Guidelines may loose their clinical relevance as they age and newer research emerges.[10][11] Even 20% of strong recommendations, especially when based on opinion rather than trials, from practice guidelines may be retracted.[12]

Conflicting guidelines

Guidelines can be summarized and mapped in a structured table to help examine conflicts[13].

Assessing trustworthiness

National Academy of Medicine

The National Academy of Medicine (formerly, Institute of Medicine) has published recommendations for assessing quality.[14][15] These recommendations have been summarized:[16]

  1. Transparent process
  2. Conflicts of interest[17]
  3. Guideline development group composition
  4. Systematic reviews
  5. Evidence quality and recommendation strength
  6. Articulating recommendations
  7. External review
  8. Updating


An alternative framework is the AGREE II[18].

Role of guidelines in malpractice determinations

"When guidelines offer conflicting recommendations, physicians should strive to secure the patient's understanding that based on the current guidelines, there is more than one “right” answer"[19]. Recommendations for system changes in this setting include legislation to create safe harbors[19].

See also


  1. GLIF website
  2. Gina Kolata "Program Coaxes Hospitals to See Treatments Under Their Noses". New York Times December 25, 2004.
  3. Qaseem A, Forland F, Macbeth F, Ollenschläger G, Phillips S, van der Wees P; et al. (2012). "Guidelines International Network: toward international standards for clinical practice guidelines". Ann Intern Med. 156 (7): 525–31. doi:10.1059/0003-4819-156-7-201204030-00009. PMID 22473437.
  4. Chen et al. A Reporting Tool for Practice Guidelines in Health Care: The RIGHT Statement. Ann Intern Med 2016. doi:10.7326/M16-1565
  5. Kavanagh, Brian P. (2009). "The GRADE System for Rating Clinical Guidelines". PLoS Med. 6 (9): e1000094. doi:10.1371/journal.pmed.1000094. Retrieved 2009-09-16.
  6. 6.0 6.1 Kuntz KM, Tsevat J, Weinstein MC, Goldman L (1999). "Expert panel vs decision-analysis recommendations for postdischarge coronary angiography after myocardial infarction". JAMA. 282 (23): 2246–51. PMID 10605977.
  7. Jacobs AK, Anderson JL, Halperin JL (2014). "The Evolution and Future of ACC/AHA Clinical Practice Guidelines: A 30-Year Journey: A Report of the American College of Cardiology/American Heart Association Task Force on Practice Guidelines". J Am Coll Cardiol. doi:10.1016/j.jacc.2014.06.001. PMID 25103073.
  8. Dunn AG, Bourgeois FT (2020). "Is it time for computable evidence synthesis?". J Am Med Inform Assoc. 27 (6): 972–975. doi:10.1093/jamia/ocaa035. PMC 7309243 Check |pmc= value (help). PMID 32337600 Check |pmid= value (help).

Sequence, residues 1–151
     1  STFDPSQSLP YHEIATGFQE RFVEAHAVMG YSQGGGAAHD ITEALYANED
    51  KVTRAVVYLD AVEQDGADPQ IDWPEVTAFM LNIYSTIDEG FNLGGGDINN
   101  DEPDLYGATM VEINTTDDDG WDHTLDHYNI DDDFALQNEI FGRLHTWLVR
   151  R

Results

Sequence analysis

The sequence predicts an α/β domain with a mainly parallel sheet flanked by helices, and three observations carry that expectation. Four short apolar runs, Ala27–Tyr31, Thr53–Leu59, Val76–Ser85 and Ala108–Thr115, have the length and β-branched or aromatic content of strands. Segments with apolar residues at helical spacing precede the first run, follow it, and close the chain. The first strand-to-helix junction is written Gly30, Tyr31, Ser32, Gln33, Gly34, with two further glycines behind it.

9. Tu SW, Campbell J, Musen MA (2003). "The structure of guideline recommendations: a synthesis". AMIA Annu Symp Proc: 679–83. PMC 1480008. PMID 14728259.
  10. Martínez García L, Juliana Sanabria A, García Álvarez E, Trujillo-Martín MM, Etxeandia-Ikobaltzeta I, Kotzeva A; et al. (2014). "The validity of recommendations from clinical guidelines: a survival analysis". CMAJ. doi:10.1503/cmaj.140547. PMID 25200758.
  11. Shekelle PG, Ortiz E, Rhodes S; et al. (2001). "Validity of the Agency for Healthcare Research and Quality clinical practice guidelines: how quickly do guidelines become outdated?". JAMA. 286 (12): 1461–7. PMID 11572738.
  12. Neuman MD, Goldstein JN, Cirullo MA, Schwartz JS (2014). "Durability of class I American College of Cardiology/American Heart Association clinical practice guideline recommendations". JAMA. 311 (20): 2092–100. doi:10.1001/jama.2014.4949. PMID 24867012.
  13. Sun Y, Gao Y, Chen J, Sun H, Cai YT, Ge L; et al. (2019). "Evidence mapping of recommendations on diagnosis and therapeutic strategies for diabetes foot: an international review of 22 guidelines". Metabolism. 100: 153956. doi:10.1016/j.metabol.2019.153956. PMID 31394109.
  14. Institute of Medicine (US) Committee on Standards for Developing Trustworthy Clinical Practice Guidelines (2011). "Clinical Practice Guidelines We Can Trust". PMID 24983061.
  15. Graham R, ed, Mancher M, ed, Wolman DM, ed, Greenfield S, ed, Steinberg E, ed. Clinical Practice Guidelines We Can Trust. Washington, DC: National Academies Press; 2011
  16. Ransohoff DF, Pignone M, Sox HC (2013). "How to decide whether a clinical practice guideline is trustworthy". JAMA. 309 (2): 139–40. doi:10.1001/jama.2012.156703. PMID 23299601.
  17. Norris SL, Holmer HK, Ogden LA, Burda BU, Fu R (2013). "Conflicts of interest among authors of clinical practice guidelines for glycemic control in type 2 diabetes mellitus". PLoS One. 8 (10): e75284. doi:10.1371/journal.pone.0075284. PMC 3796568. PMID 24155870.
  18. Brouwers MC, Kho ME, Browman GP, Burgers JS, Cluzeau F, Feder G; et al. (2010). "AGREE II: advancing guideline development, reporting and evaluation in health care". CMAJ. 182 (18): E839–42. doi:10.1503/cmaj.090449. PMC 3001530. PMID 20603348.
  19. 19.0 19.1 Kachalia A, Mello MM (2013). "Breast cancer screening: conflicting guidelines and medicolegal risk". JAMA. 309 (24): 2555–6. doi:10.1001/jama.2013.7100. PMID 23722969.